Housing is the primary asset in households’ portfolios, but is also their primary liability. This is especially true for young homeowners and homeowners at the bottom of the distribution. Yet one lesson from the financial crisis is that debt creates opportunities but also risks, particularly for vulnerable households. We deliver new cross-country evidence on the socio-economic distribution of mortgage debt and financial vulnerability. This is relevant for monitoring the sensitivity of households to income losses and declines in house prices. Our analysis shows that the strong expansion in mortgages over the last decades, and in particular prior to the financial crisis, is very likely to have contributed to high and sometimes excessive housing-related indebtedness. Debt-to-income ratios are well above 100% in most OECD countries and exceed 200% in some of them (Figure 2). Households at the bottom of the income distribution are particularly vulnerable, with values exceeding the conventional at-risk threshold value of 300%.
We compute micro-based tenure wealth gaps, that is, the net wealth ratio between homeowners and renters, in order to shed light on the role of housing as a vehicle for wealth accumulation. We find that homeowners tend to be wealthier than renters, even when housing wealth is excluded. However, we also find that this gap is significantly reduced in a quantile regression framework that controls for household drivers of wealth accumulation. These findings do not strongly support the existence of a causal effect of homeownership on wealth accumulation. Tenure wealth gaps are likely to reflect self-selection mechanisms. Households with a higher ex-ante propensity to save and an appetite for wealth accumulation select themselves into homeownership rather than becoming homeowner making them more prone to accumulate wealth.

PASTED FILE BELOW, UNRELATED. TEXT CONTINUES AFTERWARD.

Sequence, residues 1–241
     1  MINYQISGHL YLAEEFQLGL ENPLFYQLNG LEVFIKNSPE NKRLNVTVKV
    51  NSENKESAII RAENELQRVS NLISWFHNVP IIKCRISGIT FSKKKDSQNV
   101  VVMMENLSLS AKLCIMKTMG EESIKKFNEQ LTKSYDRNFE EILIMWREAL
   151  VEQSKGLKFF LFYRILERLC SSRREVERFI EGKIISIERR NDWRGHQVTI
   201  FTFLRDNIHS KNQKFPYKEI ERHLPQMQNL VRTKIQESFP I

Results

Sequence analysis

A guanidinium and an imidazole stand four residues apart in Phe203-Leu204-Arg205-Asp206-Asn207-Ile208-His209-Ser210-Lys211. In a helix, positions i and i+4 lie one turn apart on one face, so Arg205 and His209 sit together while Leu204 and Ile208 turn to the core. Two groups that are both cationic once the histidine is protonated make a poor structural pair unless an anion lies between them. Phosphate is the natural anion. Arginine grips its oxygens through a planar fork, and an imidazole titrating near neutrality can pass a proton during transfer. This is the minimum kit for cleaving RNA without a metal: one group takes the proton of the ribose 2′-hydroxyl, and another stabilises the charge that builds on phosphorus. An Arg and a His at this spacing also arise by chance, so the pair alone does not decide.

Housing is negatively associated with wealth inequality, but also with residential mobility, as documented in our paper: this reflects cross-country differences in the housing tenure mix to the extent that homeowners tend to be less mobile than private renters. This finding is not new. Although causality cannot be easily established, a common conjecture is that mobility is lower among owner-occupiers than renters because owners face higher transaction costs of relocating and therefore spend a longer time in their residence in order to spread the costs over a longer time period.
Overall, even if wealth inequality is lower where homeownership is more widespread, encouraging homeownership is probably not the appropriate policy response to make wealth more equally distributed, as this may imply trade-offs with other policy objectives such as economic resilience and labour mobility.
Read the full paper: Causa, O., N. Woloszko and D. Leite (2019), “Housing, wealth accumulation and wealth distribution: Evidence and stylized facts”, OECD Economics Department Working Papers, No. 1588, OECD Publishing, Paris, https://doi.org/10.1787/86954c10-en.